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Protecting the vote: Securing our elections from malicious attacks

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The multifaceted, deliberate attack on the 2016 U.S. presidential election spanning different tactics and targets, forced officials at all levels of government to confront an alarming reality: during America’s elections, actors who wish to sow discord and undermine democracy have an easy means of doing so.

The amount of money and technical expertise needed to potentially compromise U.S. election systems is inconsequential, everything from electoral process support organizations (e.g., election commissions, electoral registers) to the core electoral process systems (e.g., voting machines) themselves are at risk to any malicious actor - whether that be a state actor, a hacktivist group, or an individual. As a result, this fragility is having an impact on public trust in the integrity, security, and legitimacy of our democratic institutions. In fact, a recent NPR-Marist poll found that nearly one in three Americans think it is likely that a foreign country will change vote tallies and election results specifically around these midterms.

The potential consequences of another adversary attack spurred government officials into action over the past two years. Leaders at all levels have made significant strides to protect election security – this includes the Department of Homeland Security’s (DHS) decision to designate election infrastructure as a core member of the Government Facilities Critical Infrastructure Sector, the congressional push for more election security funding through the Help America Vote Act (HAVA), and state efforts to upgrade or replace outdated physical voting machines. On a more fundamental level, officials have also shifted their mindset. Cyber security expert Bruce Schneier explained that the focus is now on building “a robust system that is secure despite the fact that computers have vulnerabilities.” According to NPR, in the time since the 2016 election, “officials have gone from arguing that their systems are completely secure to talking openly and clearly about the specific issues that exist and working to fix them.”

A holistic approach to election security

Much of the attention and resources related to election security have been focused on finding a solution for paperless electronic voting machines. While this is an important and necessary effort, it’s not sufficient. The tactics and technology used by adversaries will change – in many cases, more rapidly than our ability to develop technology to defend against it. As Matt Masterson, senior cyber security adviser within DHS, put it, “you don’t reach a point where you say, ‘okay, now we’re secure.’” Confronting a persistent and ever-evolving threat of this nature means those involved in cyber security need to direct their energy toward being as proactive as possible to shrink the window between incident and response. The best way to do this is with a holistic approach focused on improving the processes themselves, rather than the systems/tools that power them.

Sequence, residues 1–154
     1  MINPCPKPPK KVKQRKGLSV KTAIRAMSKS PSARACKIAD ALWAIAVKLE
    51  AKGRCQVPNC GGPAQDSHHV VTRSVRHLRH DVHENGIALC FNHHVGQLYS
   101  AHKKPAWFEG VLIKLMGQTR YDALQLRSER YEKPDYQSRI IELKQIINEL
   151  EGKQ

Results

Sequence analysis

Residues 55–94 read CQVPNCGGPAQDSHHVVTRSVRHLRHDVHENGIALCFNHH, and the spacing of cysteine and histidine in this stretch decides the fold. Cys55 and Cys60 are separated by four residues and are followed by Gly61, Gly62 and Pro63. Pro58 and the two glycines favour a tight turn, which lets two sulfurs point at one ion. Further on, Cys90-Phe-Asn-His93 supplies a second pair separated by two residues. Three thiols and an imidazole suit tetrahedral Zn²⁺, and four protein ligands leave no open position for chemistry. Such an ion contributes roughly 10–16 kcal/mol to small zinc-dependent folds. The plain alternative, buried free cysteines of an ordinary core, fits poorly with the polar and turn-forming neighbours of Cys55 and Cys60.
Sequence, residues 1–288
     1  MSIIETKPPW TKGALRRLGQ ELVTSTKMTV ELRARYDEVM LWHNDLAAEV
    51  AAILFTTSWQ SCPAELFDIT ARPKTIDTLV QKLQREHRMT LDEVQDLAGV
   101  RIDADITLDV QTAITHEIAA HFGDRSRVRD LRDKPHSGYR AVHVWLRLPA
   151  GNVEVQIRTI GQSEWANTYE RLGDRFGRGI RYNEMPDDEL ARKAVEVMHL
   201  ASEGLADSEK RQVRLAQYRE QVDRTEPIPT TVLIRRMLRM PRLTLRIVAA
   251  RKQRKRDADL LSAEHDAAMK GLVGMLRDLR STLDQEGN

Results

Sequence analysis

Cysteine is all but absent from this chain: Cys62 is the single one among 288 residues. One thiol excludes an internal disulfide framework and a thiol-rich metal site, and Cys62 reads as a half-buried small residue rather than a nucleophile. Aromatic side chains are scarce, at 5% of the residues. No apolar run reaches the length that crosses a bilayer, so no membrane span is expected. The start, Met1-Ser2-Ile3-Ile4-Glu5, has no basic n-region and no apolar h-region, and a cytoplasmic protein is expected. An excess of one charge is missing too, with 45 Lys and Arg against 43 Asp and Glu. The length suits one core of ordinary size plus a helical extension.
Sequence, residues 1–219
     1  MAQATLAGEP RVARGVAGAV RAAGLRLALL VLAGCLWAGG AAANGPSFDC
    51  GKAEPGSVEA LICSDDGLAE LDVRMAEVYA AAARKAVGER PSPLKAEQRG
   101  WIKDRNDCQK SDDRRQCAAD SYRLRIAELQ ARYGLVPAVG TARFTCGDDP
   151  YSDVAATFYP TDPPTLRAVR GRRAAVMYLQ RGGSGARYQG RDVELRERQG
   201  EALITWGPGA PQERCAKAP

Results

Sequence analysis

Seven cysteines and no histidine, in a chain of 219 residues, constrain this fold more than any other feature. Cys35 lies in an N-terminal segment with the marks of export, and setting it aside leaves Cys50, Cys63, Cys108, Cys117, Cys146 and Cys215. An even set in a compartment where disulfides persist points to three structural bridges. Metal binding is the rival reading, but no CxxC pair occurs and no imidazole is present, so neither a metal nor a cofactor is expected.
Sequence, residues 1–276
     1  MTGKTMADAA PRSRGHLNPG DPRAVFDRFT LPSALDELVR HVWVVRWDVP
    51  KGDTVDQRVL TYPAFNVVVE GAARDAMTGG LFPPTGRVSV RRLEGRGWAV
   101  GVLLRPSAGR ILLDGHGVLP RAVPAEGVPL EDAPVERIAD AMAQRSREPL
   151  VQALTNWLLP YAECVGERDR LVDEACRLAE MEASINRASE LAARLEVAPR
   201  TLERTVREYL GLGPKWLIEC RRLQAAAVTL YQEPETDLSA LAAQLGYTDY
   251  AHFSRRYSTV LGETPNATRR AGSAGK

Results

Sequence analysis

Prioritizing the biggest threats

Because of this rapidly changing threat environment and the low barriers to entry for malicious actors, the United States faces constant cyber threats – often causing “alert fatigue” for cyber security teams. However, simply introducing new technologies and services will not treat the problem. Adding layers without context just leads to more alerts, resulting in team members chasing down not only more alerts than they can handle – but worse – the wrong ones.

FireEye, a leading cyber security company, reviews over one million new malware samples every day and their global sensors detect anywhere from 50,000 to 70,000 malicious events per hour. This frontline experience allows for a holistic approach and ability to identify and prioritize alerts.

Agencies should focus on improving the process for receiving, processing, and responding to alerts. Tom Guarente, FireEye’s senior director of State and Local external affairs, elaborates, “One of the things that FireEye brings to the table is context around what alerts really matter. In other words what is timely, relevant, and actionable.” He continues, “One of the best ways to create a forward-leaning cyber security environment that helps shrink the time between incident and response is to have an approach that is not merely tool based but approaches the challenge holistically including the right level of intelligence and expertise.”

FireEye has been helping government agencies combat evolving threats that mission critical networks and infrastructure. Find out more about FireEye’s government solutions here.

This content is made possible by FireEye. The editorial staff of Route Fifty was not involved in its preparation.